Jennifer Highland

Improving the treatment of postpartum depression in teenage mothers

Postpartum depression (PPD) is a mood disorder that can affect women after giving birth, and the symptoms are similar to the ones presented in major depressive disorder. It is estimated that 10 to 15% of new adult mothers develop Postpartum Depression (PPD) within the first year after giving birth -and the percentage increases up to 26% in adolescent mothers. [1]

According to a survey published in 2012 by the Paediatrics journal, the highest incidence of postpartum depression occurs amongst girls aged 15 to 19, which is twice as high as their older counterparts. [2]

Why is that?

Adolescent mothers have to face more challenges than adult mothers. A teenage mother will suddenly face multiple changes in her life: she might have to quit school and be home-schooled instead, she might also need to get a job, and her social life will change drastically. Besides all of these changes, she will also become affected by a hormonal imbalance, which can lead to depression.

Due to all the hardship adolescent mothers have to cope with, they tend to rate their child’s health and their own as suboptimal. Besides, many young mothers are already under the stress of becoming new parents, which can also be linked to postpartum depression. [2]

Unfortunately, in most cases, PPD remains undiagnosed. The main problem is that it’s not always easy to distinguish baby blues from postpartum depression. Unlike baby blues, postpartum depression is a more severe problem that shouldn’t be ignored. While mothers who experience baby blues feel sorrow for the first two weeks after delivery, mothers who suffer from postpartum depression feel an overwhelming sadness or irritability a month after childbirth. Symptoms also include trouble eating and sleeping, difficulty concentrating, fatigue, loss of pleasure, reduced sex drive, and thoughts of suicide. [3]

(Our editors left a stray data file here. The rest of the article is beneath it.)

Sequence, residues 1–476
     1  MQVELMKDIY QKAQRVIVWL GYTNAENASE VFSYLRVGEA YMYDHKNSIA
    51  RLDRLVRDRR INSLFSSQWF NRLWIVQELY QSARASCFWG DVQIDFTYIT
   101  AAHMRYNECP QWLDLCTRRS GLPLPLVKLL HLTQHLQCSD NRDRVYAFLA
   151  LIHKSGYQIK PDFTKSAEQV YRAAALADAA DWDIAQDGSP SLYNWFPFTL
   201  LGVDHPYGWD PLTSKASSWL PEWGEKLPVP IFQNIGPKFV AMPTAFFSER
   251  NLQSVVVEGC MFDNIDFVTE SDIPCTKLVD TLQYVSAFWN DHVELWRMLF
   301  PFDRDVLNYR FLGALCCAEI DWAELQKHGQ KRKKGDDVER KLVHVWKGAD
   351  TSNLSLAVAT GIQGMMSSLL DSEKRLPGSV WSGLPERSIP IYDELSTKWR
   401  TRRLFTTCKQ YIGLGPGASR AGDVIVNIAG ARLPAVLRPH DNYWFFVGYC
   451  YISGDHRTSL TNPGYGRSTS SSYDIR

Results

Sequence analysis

The best treatment available for PPD is early intervention, since this condition is extremely responsive to treatment. Once the baby is born, family members can show their support towards young mothers by helping take care of the baby to help prevent postpartum depression. Besides, family members can also encourage her to seek help if she displays long periods of sadness and tearfulness.

A study at Women & Infants Hospital of Rhode Island found that an intervention program cut the incidence of postpartum depression in teenage mothers by 50%. [2]

The Monsenso mHealth solution can help identify PPD in young mothers at an early stage. Care providers could encourage new mothers to download the Monsenso app on their smartphones. The app will enable them to complete daily self-assessments in which they can rate themselves on relevant parameters such as their levels of stress, anxiety, tearfulness and the number of hours they slept. The Monsenso app makes it easier for adolescent mothers to reveal and share the current status of their mental health without feeling uncomfortable.

Furthermore, the Monsenso solution also enables healthcare professionals to monitor patients on a daily basis, and intervene when the system displays a patient presenting triggers or early warning signs. The clinical web portal also works as a two-way encrypted communication channel enabling patients and clinicians to always stay in touch.

References:

[1] The Environmental, Cultural, Relational and Physiological Aspects of Postpartum Depression. The Faculty of the Adler Graduate School. Joanne E. Campbell. 2010.
http://www.alfredadler.edu/sites/default/files/Campbell%20MP%202010.pdf

[2] The Mental Health of Teen Moms Matters. Diana Reese.
http://seleni.org/advice-support/article/the-mental-health-of-teen-moms-matters

[3] About Teenage Mothers & Depression. Michelle Bolyn. 2015.
http://www.livestrong.com/article/136548-about-teenage-mothers-depression/

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